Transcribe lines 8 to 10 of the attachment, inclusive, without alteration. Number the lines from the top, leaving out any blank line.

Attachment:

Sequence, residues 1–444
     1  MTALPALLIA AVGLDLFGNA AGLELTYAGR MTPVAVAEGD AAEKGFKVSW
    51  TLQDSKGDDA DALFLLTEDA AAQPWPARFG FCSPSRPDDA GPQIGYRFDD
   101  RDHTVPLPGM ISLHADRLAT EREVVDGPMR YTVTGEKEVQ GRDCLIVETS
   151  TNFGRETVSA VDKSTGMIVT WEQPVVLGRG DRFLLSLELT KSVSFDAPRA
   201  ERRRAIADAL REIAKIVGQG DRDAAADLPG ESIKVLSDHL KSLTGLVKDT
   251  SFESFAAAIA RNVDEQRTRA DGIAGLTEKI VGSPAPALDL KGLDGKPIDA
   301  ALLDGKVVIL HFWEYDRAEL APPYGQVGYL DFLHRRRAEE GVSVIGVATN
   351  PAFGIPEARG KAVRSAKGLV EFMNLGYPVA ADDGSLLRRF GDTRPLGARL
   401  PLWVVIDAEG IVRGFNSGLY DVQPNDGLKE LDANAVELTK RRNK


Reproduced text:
   301  ALLDGKVVIL HFWEYDRAEL APPYGQVGYL DFLHRRRAEE GVSVIGVATN
   351  PAFGIPEARG KAVRSAKGLV EFMNLGYPVA ADDGSLLRRF GDTRPLGARL
   401  PLWVVIDAEG IVRGFNSGLY DVQPNDGLKE LDANAVELTK RRNK